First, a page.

- White Sox pitching coach Don Cooper won’t kowtow to the wisdom of the opener anytime soon, per Daryl Van Schouwen of the Chicago Sun Times. The way Cooper sees it, the role of the starter on the White Sox has not changed, and he still expects to get 6+ innings out of his guys. That’s been a tough ask of late as the Southsiders have built their staff from the ground up via development and trades. Next season is a key year for their young arms, as the trio of Carlos Rodon, Reynaldo Lopez and Lucas Giolito look to cement their place in the rotation before the arrival of the next wave of high profile prospects like Dylan Cease, Michael Kopech and Dane Dunning, the latter two of whom are working their way back from injury. Ivan Nova rounds out the top four in Cooper’s rotation, with Dylan Covey in competition with Banuelos for the five slot. There are still plenty of arms on the free agent market, however, and GM Rick Hahn says the team is working on 3-4 potential acquisitions. Given the collective injury troubles plaguing Chicago’s cavalcade of young arms, it would not be surprising in the least to see one or two veteran arms brought into camp on cheap or minor-league deals.
Buzz from around the American League…
- There haven’t been any extension talks between Justin Verlander and the Astros front office, the right-hander told reporters, including MLBcom’s Brian McTaggart (Twitter and video link). “I don’t know what their organizational plans are. It’s something I wouldn’t be opposed to….we’ll see what happens,” Verlander said. It isn’t necessarily surprising to see a lack of negotiations between the two sides at this point, since most teams wait until their offseason business is complete and Spring Training begins before turning focus to extending in-house talent. Still, there is some urgency in Verlander’s case, given that 2019 is his last guaranteed year under contract (he agreed to waive a possible vesting option for 2020 as part of his trade to Houston in August 2017). Verlander is coming off one of his finest seasons, a campaign that saw him finish second in AL Cy Young Award voting after leading the league in both K/BB rate (a career-best 7.84) and strikeouts (290, another career high) while posting a 2.52 ERA over 214 innings. There certainly doesn’t appear to be much evidence that Verlander is slowing down, even though he turns 36 in February.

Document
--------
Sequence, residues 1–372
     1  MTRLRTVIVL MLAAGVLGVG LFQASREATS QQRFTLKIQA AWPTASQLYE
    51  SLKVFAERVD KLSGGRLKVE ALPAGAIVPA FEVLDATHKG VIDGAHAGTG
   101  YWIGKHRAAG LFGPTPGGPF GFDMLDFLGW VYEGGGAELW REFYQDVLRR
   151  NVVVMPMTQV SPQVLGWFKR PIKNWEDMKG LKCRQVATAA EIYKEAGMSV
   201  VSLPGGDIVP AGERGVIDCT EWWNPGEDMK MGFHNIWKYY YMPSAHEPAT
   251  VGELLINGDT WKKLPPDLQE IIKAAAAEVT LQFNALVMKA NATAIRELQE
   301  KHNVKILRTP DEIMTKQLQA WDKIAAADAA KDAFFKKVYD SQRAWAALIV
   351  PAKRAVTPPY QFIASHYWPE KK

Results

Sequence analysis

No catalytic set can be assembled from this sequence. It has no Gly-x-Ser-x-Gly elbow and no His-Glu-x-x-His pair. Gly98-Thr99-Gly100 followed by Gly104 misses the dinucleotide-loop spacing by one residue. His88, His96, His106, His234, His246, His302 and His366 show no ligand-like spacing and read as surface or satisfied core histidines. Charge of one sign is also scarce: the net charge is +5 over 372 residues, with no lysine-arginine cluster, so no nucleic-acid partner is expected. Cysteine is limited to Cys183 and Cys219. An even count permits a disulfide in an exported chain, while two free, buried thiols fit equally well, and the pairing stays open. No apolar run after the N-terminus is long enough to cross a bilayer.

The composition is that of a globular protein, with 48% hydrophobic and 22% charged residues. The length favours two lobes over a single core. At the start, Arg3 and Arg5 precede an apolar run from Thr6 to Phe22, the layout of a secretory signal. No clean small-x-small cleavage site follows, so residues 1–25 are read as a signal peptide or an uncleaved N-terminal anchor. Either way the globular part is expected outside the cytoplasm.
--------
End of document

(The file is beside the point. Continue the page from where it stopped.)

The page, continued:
- There also haven’t been any long-term contract talks between Carlos Correa and the Astros, the shortstop tells the Houston Chronicle’s Chandler Rome. Persistent back problems limited Correa to just 468 plate appearances in 2018 and a .239/.323/.405 slash line, easily the worst of his four MLB seasons. “For me, right now is not the time to talk about [an extension],” Correa said. “Obviously coming off the injury last year and the down year. I’m looking forward to bouncing back this year, be the player I am and we go from there.” The first step is an arbitration hearing between Correa and the Astros on January 31, with Correa submitting a $5MM salary figure for 2019 and the team counting with a $4.25MM offer. This is Correa’s first of three years of arbitration eligibility, so there is still plenty of time for the two sides to eventually work out a longer-term deal once Correa feels he’s coming off a better platform year.
- White Sox GM Rick Hahn said he would “be personally disappointed” if the team didn’t sign Manny Machado or Bryce Harper, though he told MLB.com’s Scott Merkin and other reporters that the mere pursuit of such top-tier stars represents a new stage of the team’s rebuild. “The fact that we are now sitting here in a potential position — or at least in a position where, if we don’t convert, people are going to be disappointed — I think is an important step forward for this organization,” Hahn said.
- The Orioles aren’t likely to sign any free agents to multi-year contracts this winter, GM Mike Elias told Rich Dubroff of BaltimoreBaseball.com and other media, and the team could avoid any Major League contracts whatsoever for free agents. With the O’s in the early stages of a rebuild, the team wasn’t much of a candidate to be making any long-term commitments, as the focus will instead be on giving time to young players. That said, Elias didn’t close the door on any possibilities for his club, noting “we’re looking for ways to be opportunistic and true with the players that are left unsigned right now.”
- Rays right-hander Wilmer Font has recently started to throw fastball-only bullpen sessions and expects to be ready for Spring Training, he tells MLB.com’s Juan Toribio. Font suffered a lat strain in late June that wound up being a season-ending injury, rather than an eight-week DL stint as originally projected. The injury brought an abrupt end to a very promising start for Font as a Ray, since the righty had a 1.67 ERA over his first 27 innings for Tampa after the club acquired him from Oakland in May. A healthy Font would give the Rays yet another intriguing pitching weapon, able of a traditional bullpen role or perhaps again working as an “opener.”